The New Colors Embracing the White House
an article by Allison Li
Dear Asian Youth,
Yes. Let’s talk about it. The monochrome moment at Biden’s inauguration from the respective ladies. First, Vice President Kamala Harris. Harris wore a beautiful purple dress, a nod to Shirley Chisholm who ran for president in 1972, and Harris’s sorority sisters, Alpha Kappa Alpha. Next, former first lady, Michelle Obama, was decked head to toe in a plum-burgundy turtleneck sweater, bootcut pants, and a structured coat, finishing it off with one of Sergio Hudson’s handmade leather belts. Finally, First Lady Dr. Jill Biden dawned a blue wool-tweed dress with a Swarovski pearl neckline and a chiffon skirt, paired with a complementary blue mask. Later that night, during the inaugural ball, she wore a cashmere coat embroidered with flowers representing every state and territory, which also featured a quote from Benjamin Franklin “Tell me and I forget. Teach me and I remember. Involve me and I learn”, all designed by Gabriela Hearst.
There is no doubt that these ensembles are not only fashion statements, but also setting the stage for America. The choice of colors and why they have become so iconic have everything to do with the meanings and hopes they carry.
In addition to the homage to Harris’s sorority and Chisholm, the color purple is a nod to the early 20th Century women’s suffrage movement, royalty, sophistication, and creativity. Christopher John Rogers II, Louisiana-based designer, noted he wanted the piece to “craft something that radiated confidence and a personal sense of style while also remaining classic, comfortable, and precisely tailored”. For such a historic moment, the dress captured the audience and stood out amongst the crowd with its popping color. Finishing off, she wore numerous pearl and diamond pieces of jewelry, with designers ranging from Chanel to Breguet, including a Wilfredo Rosado elliptical link chain necklace– crafted of Akoya pearls, diamonds and yellow gold.
Next is Michelle Obama. Hudson, who also designed Vice President Harris’s shoes for the inaugural day, decked the former First lady in a powerful yet elegant look, topped off with her wavy, voluminous hair. The dark red signifies willpower, leadership and courage — all things she had hoped to convey in support of Harris. Miranda Koop, Obama’s stylist, wrote “What I want to convey most, though, is that this particular outfit is about the woman wearing it more than anything… She has taken a look at the rule book and turned the page. She leads, she inspires and she slays”. Koop also noted that she and Hudson knew they wanted Obama in pants, noting their flexibility, mobility, and practicality. Combined, it commanded power and attention in a classy and dynamic manner, capturing the eyes of many.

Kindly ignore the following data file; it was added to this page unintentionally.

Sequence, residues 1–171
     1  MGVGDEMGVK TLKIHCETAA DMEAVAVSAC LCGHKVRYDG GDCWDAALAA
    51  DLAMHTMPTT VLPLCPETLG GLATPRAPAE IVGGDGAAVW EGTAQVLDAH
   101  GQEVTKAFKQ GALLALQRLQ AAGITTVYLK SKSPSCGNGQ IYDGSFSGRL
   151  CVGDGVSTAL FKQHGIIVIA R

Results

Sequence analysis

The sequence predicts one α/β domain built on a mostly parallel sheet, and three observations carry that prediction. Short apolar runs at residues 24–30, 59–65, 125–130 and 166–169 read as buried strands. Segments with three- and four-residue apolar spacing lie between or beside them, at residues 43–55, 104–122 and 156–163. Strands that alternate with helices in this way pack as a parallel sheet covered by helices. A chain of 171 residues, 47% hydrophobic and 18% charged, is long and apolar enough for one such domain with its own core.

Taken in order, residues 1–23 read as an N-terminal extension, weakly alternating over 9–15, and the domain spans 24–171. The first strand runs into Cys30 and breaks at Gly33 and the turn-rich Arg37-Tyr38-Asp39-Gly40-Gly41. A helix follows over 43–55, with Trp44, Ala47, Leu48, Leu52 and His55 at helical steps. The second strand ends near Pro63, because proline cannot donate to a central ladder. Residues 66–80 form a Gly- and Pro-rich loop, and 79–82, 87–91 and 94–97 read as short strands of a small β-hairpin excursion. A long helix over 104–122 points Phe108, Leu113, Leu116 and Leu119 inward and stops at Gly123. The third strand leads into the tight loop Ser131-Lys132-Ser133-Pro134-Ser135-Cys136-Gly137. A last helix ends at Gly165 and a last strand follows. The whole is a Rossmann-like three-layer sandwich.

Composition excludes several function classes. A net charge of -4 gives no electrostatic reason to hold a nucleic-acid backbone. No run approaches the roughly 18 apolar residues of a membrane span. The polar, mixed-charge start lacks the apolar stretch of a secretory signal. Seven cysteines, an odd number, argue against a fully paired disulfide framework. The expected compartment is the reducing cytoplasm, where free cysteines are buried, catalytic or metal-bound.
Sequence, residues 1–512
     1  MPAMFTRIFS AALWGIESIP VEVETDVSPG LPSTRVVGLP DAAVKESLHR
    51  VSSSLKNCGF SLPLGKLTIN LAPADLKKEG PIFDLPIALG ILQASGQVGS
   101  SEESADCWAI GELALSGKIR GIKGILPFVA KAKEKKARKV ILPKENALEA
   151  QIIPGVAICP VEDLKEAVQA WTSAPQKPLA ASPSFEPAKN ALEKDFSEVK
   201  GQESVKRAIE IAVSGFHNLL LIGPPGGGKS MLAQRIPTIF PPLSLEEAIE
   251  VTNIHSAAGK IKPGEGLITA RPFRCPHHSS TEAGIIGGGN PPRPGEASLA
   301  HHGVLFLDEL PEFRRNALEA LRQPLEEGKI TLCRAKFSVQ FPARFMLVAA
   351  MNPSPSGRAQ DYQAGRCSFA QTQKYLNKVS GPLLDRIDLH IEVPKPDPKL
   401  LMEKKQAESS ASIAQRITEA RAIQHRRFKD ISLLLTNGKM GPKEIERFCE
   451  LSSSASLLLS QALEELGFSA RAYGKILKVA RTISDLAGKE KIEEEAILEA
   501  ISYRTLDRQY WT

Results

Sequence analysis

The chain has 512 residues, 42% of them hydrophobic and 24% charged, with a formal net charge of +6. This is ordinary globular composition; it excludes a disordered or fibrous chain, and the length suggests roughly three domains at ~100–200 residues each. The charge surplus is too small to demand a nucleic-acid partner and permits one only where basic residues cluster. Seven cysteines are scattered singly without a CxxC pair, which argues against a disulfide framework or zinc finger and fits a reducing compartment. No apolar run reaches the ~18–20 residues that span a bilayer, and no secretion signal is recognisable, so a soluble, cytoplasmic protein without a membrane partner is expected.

In essence, First Lady Dr. Jill Biden’s outfit can be best described as one to “signify trust, confidence, and stability”, as a representative for designer Markarian noted. Her custom ocean-blue dress and overcoat were dressed with a dark-blue velvet collar and cuffs added a classic flair to her coat. Following the inauguration, the internet linked her to Cinderella and her flowy blue ball gown. Historically, the shade of blue is known for health, healing, tranquility, understanding, perhaps a way of signifying to the public the control and calmness the Biden administration would address the COVID-19 pandemic. She later changed into a white coat and had embroidered state flowers placed along the organza bodice and sleeves. The Delaware state flower was positioned purposefully above Biden’s heart. Underneath was a sheer shouldered gown carrying the motif of the state flowers along the neckline and sleeves. The white symbolizes purity and female solidarity, as Alexandria Ocasio-Cortez had done earlier that month.
In essence, the unique messages they conveyed, all the women represented their dreams and aspirations for the new administration and what it would bring. Each made a unique statement, and set a precedent for what they would provide to the American table, whether it be political or moral.
– Allison Li
Cover Photo Source: The Philadelphia Inquirer